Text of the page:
The I-Pace, however, was “a chance to start afresh,” according to chief creative exterior designer Dominic Najafi, who adds that its conception was about “being open-minded and saying: ‘what does electrification give us?’”

A lot, as it turns out. Alister Whelan, Jaguar’s chief interior designer, calls the I-Pace “a blueprint for the future”. “It’s already been out for 18 months,” he says, “so if we’ve created it now, the future could be even more exciting for us.” He adds: “We just need to be careful that we appeal to all our customers and give them choice, but the electric platform and what we’ve started with the I-Pace could open up lots of potentials.”

Let’s not forget that Gaydon beat its Stuttgart, Ingolstadt and Munich rivals to the punch with a stylish electric SUV at a time when its standing in the hotly contested premium segment was under intense scrutiny. A premium electric SUV that’s consistently proved its dynamic and practical worth in Autocar’s road trips, reviews and group tests, no less. So it seems only fitting that the I-Pace has yet to find its way off the red carpet; it wasn’t just Jaguar’s first step into a new segment, it was our first taste of a model category that’s likely to become the industry’s most popular and influential in the coming years.

The designers are keen to stress that, although the I-Pace is very much “still a Jaguar”, it forms part of a bold strategy, Najafi says, to “make everything as progressive as possible”. There’s hints of past models there, for sure, but the I-Pace’s stylists’ overarching brief was not: “make it look like a C-X75 SUV”.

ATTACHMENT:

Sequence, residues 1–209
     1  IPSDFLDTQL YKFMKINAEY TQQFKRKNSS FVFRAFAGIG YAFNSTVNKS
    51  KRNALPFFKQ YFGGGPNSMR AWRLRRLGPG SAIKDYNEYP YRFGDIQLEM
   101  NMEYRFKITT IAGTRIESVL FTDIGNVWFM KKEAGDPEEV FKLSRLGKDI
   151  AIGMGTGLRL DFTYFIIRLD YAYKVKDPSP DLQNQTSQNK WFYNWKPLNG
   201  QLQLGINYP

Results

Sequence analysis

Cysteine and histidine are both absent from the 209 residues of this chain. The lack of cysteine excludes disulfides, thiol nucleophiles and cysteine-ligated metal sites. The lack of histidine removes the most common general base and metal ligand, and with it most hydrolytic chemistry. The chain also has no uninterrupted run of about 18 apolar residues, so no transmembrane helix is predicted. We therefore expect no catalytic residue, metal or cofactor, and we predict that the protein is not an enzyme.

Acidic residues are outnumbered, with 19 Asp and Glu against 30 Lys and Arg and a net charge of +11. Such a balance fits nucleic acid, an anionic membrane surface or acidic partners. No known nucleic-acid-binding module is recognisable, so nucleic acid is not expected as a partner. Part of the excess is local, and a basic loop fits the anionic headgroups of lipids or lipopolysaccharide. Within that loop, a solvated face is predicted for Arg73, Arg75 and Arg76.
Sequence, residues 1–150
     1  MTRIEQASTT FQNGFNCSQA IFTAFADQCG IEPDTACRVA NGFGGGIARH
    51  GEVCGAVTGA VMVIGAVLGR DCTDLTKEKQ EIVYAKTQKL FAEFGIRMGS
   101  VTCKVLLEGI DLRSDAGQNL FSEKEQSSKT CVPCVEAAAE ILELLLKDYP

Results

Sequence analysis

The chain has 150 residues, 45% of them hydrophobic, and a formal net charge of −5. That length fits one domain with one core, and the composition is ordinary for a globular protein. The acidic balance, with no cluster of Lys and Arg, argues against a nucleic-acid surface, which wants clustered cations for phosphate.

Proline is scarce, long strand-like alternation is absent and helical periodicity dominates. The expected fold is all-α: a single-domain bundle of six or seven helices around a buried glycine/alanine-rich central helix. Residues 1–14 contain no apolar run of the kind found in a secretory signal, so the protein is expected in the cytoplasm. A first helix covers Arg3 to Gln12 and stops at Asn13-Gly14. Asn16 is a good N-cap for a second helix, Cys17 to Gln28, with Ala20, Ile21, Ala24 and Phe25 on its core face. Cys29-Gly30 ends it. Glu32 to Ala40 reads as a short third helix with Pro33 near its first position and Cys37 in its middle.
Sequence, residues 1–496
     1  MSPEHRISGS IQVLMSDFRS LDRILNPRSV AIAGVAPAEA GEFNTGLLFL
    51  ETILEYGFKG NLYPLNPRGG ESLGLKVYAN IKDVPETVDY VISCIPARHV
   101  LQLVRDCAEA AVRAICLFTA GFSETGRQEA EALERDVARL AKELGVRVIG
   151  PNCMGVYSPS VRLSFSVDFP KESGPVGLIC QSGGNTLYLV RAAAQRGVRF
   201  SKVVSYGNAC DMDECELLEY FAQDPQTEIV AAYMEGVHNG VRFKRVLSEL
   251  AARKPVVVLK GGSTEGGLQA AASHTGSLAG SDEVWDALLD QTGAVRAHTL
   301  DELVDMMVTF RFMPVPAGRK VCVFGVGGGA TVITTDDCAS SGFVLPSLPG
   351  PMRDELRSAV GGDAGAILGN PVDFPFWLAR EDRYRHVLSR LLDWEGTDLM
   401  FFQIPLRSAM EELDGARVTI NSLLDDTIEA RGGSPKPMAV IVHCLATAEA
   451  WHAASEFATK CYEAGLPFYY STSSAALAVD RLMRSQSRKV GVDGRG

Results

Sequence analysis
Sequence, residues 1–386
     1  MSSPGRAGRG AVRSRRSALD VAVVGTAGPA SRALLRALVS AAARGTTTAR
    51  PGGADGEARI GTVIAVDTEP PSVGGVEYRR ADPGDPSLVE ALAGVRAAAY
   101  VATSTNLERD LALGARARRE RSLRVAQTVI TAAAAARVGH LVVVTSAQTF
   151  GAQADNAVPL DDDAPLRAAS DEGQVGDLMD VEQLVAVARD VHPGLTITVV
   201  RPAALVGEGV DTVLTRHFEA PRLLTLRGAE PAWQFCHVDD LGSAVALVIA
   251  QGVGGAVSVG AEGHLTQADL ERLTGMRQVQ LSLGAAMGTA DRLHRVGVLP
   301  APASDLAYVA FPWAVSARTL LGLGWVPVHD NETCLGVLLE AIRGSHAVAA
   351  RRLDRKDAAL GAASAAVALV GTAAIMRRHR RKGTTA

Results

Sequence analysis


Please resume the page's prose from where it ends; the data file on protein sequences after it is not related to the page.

As we learn in a fast-paced design masterclass, the I-Pace is an embodiment of Jaguar’s ambition to make each of its models “the most dramatic cars in their segment”. The SUV is assisted in this endeavour by a cab-forward stance reminiscent of track-focused, mid-engined supercars, short overhangs, prominent rear haunches, thin pillars and heavily accentuated character lines. That’s not to mention the sheer amount of work that went into shaping the model’s spats, dog leg, light catcher, tumblehome and obscuration band…

Unfortunately, Autocar was unable to do justice to the I-Pace’s pleasing stance and silhouette when it came to our turn to pick up the pen. Not even the best efforts of Jaguar’s most talented designers could prevent our interpretation of Callum’s landmark EV from turning into a shoddily crafted caricature of a London bus. It was interesting, nonetheless, to see how a Jaguar, literally, ‘takes shape’.

Start at the bottom. The wheels (hilariously oversized for a concept, naturally) go on the page first, followed by a dramatically angled character line, A-pillar, beltline and rocker, or sill. Before thinking about arches and door shuts, it’s a good idea to get the DLO (that’s ‘daylight opening’) in place, as this is one of the I-Pace’s defining features, and tacking on the easily recognisable rear spoiler and light cluster.